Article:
She began writing to Peabody after his conviction that winter for attempted armed robbery. The jury went outside and stood in the slush of the parking lot for a collective cigarette and then was back in the box. That was how long it seemed to take. The jury foreman said, “Guilty,” and Judge Harold M. Peterson handed twenty-year-old Peabody twenty to forty.
She began writing the day he was walked from the county jail to the state-owned white van with the crosshatched wire windows, his wrists cuffed and chained to his hobbled ankles.
She began writing to him as the white van drove across central Wisconsin, the winter landscape purgatorial, to the state correctional facility at Waupun.
She began writing as she thought a former classmate would, offering encouragement to someone she had graduated from high school with two years before. Without understanding it herself, the letter writing was her expiation.
She began writing because she remembered him so well from Pokegama Junction High School. Did he remember her when he met her that night last summer at Donny’s Gas and Liquor Mart off Highway 8?
She began writing that she regretted having told him that night last summer that she remembered him so well. It was a weakness, that heart on her sleeve.
It threw him off his game, his plan fell apart, when this stocky, sandy-haired girl, Joy, Peabody didn’t remember her name if he’d ever known it all, said, “I know you. You’re Ricky Peabody. Take that mask off. No one wears a ski mask in July, silly.” She gave a horsey laugh. “Take it off.” And as Peabody pulled the ski mask from his head, the tangle of sweat-soaked hair flattened to the curve of his skull, she picked up the telephone.
“I was just joking around.” He pulled his hand from his jacket pocket. “See? I don’t even have a gun. I don’t own a pistol.” Peabody still did not recognize her.
“Hi? This is Joy at Donny’s, out on 8? I’ve got Ricky Peabody here at the checkout counter and he just tried to rob us. Uh-huh. Yeah, I’ll keep him here.”
She began writing, It must have been unreal to you, meeting me at that time and place, two years after high school, everyone having gone their own way, college or tech school or remaining in town, working like me or drifting like you.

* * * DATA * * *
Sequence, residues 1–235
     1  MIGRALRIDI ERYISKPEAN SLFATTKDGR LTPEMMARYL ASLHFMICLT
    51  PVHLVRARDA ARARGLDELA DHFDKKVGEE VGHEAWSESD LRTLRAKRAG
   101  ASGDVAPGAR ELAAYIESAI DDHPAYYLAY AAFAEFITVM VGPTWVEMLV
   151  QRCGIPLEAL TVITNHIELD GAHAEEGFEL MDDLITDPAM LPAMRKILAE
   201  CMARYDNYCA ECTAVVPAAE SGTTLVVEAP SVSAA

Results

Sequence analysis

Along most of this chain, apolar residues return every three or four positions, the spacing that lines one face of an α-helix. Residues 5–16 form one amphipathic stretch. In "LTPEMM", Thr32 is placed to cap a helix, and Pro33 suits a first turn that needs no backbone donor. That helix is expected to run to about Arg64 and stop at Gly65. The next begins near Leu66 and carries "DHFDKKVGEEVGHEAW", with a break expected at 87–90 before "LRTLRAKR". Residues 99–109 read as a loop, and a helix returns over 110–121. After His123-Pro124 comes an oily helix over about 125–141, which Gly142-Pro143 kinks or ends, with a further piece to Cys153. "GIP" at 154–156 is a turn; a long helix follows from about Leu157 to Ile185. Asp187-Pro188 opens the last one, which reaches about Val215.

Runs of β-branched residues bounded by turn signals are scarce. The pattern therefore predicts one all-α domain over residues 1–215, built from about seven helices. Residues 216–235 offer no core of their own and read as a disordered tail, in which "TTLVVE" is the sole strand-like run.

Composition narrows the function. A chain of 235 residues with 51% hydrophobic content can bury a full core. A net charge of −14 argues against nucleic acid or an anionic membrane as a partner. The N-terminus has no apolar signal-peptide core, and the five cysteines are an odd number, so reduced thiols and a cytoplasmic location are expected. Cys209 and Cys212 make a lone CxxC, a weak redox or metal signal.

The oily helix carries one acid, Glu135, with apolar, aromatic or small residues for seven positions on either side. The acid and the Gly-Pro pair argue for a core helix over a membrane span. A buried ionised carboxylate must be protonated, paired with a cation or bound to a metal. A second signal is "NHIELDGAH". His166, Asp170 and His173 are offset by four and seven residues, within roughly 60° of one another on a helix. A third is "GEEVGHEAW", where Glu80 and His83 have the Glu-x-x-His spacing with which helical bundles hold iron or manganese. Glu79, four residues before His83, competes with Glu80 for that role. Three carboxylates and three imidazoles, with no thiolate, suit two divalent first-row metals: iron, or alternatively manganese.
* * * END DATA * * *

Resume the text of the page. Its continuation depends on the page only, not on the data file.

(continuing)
Peabody remembered her at the trial, the short, homely girl from high school, always on her own and watching him. He had blown her off. He had trouble enough skittering through that teenage arcade. Now here she was, testifying against him, still more of an outsider than he would ever be.
There was never any doubt that his conviction would hinge on her testimony. Peabody’s toweringly ursine attorney from Duluth, Schwindeman, could not shake her from the details of that night last summer.
“No, Mr. Schwindeman, he wasn’t joking. He said he was joking when he found out that I knew who he was. But, no, there was no way he was joking.”
His initial efforts to respond to her from the Waupun Correctional Institution caromed off his parietal, occipital and frontal bones in no fixed rhythm as he exercised in the prison yard, but those words, they remained in his head. He wanted whatever he finally sent to her to be polished, each word like an agate churned from the largest freshwater lake in the world, beautiful, cold and hard and layered to a depth she could not fathom.
When Peabody put words to paper, he told her that if she felt bad, she shouldn’t. This was all for the best, giving him time to think, to re-evaluate. In his cell, in the prison yard, in the cafeteria, in the prison laundry, Peabody evaluates and re-evaluates the many simple facets of the first twenty years of his life spent in Pokegama Junction. It eats him up.
She writes back, he responds, the call and response as from a strange old, half-forgotten American folk song that grows in her imagination to a crescendo until he asks for her hand. And Joy accepts his proposal.
He writes to her. She reads the words, I ache for the time when we can truly be together, and she believes in each and every one of them.